Should a voice actor risk returning to work in a studio?
These days, a voice actor at a studio record would be the only person incurring a higher risk of virus exposure in the one scenario which science sees as the riskiest— being in a confined space with no mask where others work without masks.
Science is clear at least on this point:
The only way to eliminate risk of COVID infection for a voice actor is to avoid studio work altogether- and thereby avoid a confined space populated by a rotation of people (some unmasked) whose health status is unknown to the voice actor.
The virus is still poorly understood.
COVID’s diabolical effectiveness at contagion is not well understood. Neither does science understand how post-illness immunity works or even if it exists. There is much risk and danger and little understanding, as the virus continues to spread.
With so many unknowns in play, it’s unclear how one could meaningfully or sufficiently monitor or minimize risk at a studio record. While such efforts are welcome, science is not clear on how we can reliably and verifiably achieve any of that.
It’s in the air.
COVID-19’s ability to invisibly infect through airborne transmission is worrisome, especially for anyone with any of a laundry list of pre-existing health concerns.
The disease’s tendency to spare many but severely afflict and even kill some is alarming. This is made worse by its ability to infect and transmit undetected (symptom free), apparently through airborne transmission.
The disease is opportunistic and patient. We see its diabolical effectiveness in the daily numbers of mounting infections and deaths nationally.
It is impossible to guess how the virus will affect any individual victim. Even the absence of preexisting health concerns does not guarantee being spared the virus’ worst.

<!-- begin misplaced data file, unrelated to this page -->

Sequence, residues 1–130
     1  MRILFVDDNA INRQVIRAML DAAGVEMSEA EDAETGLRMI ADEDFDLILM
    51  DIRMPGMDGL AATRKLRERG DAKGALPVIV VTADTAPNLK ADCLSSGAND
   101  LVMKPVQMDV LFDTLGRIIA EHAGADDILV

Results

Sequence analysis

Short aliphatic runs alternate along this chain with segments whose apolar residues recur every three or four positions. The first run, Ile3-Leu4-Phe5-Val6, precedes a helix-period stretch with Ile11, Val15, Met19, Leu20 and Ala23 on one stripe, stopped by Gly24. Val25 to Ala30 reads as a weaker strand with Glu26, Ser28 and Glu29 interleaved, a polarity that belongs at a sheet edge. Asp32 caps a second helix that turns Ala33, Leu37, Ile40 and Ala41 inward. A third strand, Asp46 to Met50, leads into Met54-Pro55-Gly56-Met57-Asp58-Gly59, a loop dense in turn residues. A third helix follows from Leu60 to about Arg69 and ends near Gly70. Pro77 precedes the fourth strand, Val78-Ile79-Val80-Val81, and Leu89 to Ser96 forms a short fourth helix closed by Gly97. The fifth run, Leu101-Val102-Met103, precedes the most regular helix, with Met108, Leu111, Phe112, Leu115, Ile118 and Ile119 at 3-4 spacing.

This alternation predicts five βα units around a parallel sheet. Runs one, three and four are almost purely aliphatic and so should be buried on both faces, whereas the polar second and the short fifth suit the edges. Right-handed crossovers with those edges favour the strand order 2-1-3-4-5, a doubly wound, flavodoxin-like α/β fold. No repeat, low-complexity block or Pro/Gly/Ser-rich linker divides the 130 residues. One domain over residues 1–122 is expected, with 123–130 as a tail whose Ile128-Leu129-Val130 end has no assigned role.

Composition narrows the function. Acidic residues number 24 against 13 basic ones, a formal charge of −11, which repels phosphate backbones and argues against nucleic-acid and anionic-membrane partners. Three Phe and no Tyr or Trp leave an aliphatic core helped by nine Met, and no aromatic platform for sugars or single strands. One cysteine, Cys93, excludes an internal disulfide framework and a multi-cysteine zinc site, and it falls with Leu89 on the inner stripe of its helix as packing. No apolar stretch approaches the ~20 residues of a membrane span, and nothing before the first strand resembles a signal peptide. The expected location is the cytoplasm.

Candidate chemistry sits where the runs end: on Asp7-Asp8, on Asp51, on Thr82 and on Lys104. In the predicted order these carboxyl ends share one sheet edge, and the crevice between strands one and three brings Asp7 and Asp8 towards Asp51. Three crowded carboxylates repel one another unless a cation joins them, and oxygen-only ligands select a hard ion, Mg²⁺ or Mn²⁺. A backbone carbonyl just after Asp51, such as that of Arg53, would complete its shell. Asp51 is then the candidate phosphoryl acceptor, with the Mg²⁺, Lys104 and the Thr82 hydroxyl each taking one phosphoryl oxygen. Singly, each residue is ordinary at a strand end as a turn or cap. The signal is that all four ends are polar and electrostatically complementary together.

The effectiveness of any “safety protocols” implemented by a studio are also of unknown effectiveness in minimizing risk. How do you measure this? No one knows.
“What is my risk?”
Answering this key high stakes question still leads to guesses at best.
Despite any efforts to mitigate risks, the voice actor still shoulders a higher level of health risk in a studio record- higher than anyone else involved. And the fallout from this risk can be severe. (Sometimes studio records are directed remotely, even with the voice actor coming in and at the mic.)
Suggested techniques (or “protocols”) of minimizing risk of transmission are welcome but these are preliminary suggestions, and their efficacy is impossible to substantiate.
They may reassure some, but in reality their effectiveness is not clear.
Asymptomatic victims (having COVID but displaying minor or no symptoms) in addition to airborne transmission of COVID-19 make it uniquely difficult to slow the spread of the virus.
In a world where convenience too easily trumps safety concerns, it is easy for others clear of risk to sign off on this. A voice actor should keep in mind that the main person shouldering risk with an in-studio gig is the necessarily unmasked voice actor.
The only way to eliminate this risk is to work from home.
Fortunately, all studios are practiced at this now, and setting up a home studio can be done with a modest investment of money and effort (CLICK HERE).
“Wiping down surfaces?” Good, but surface contact appears to play only a minor role in transmission.
From NYT July 7, 2020:
“there is limited evidence for transmission of the virus from surfaces. (The Centers for Disease Control and Prevention now says surfaces are likely to play only a minor role.)”
Airborne transmission is the focus of concern.
“…In an open letter to the W.H.O., 239 scientists in 32 countries have outlined the evidence showing that smaller particles can infect people.”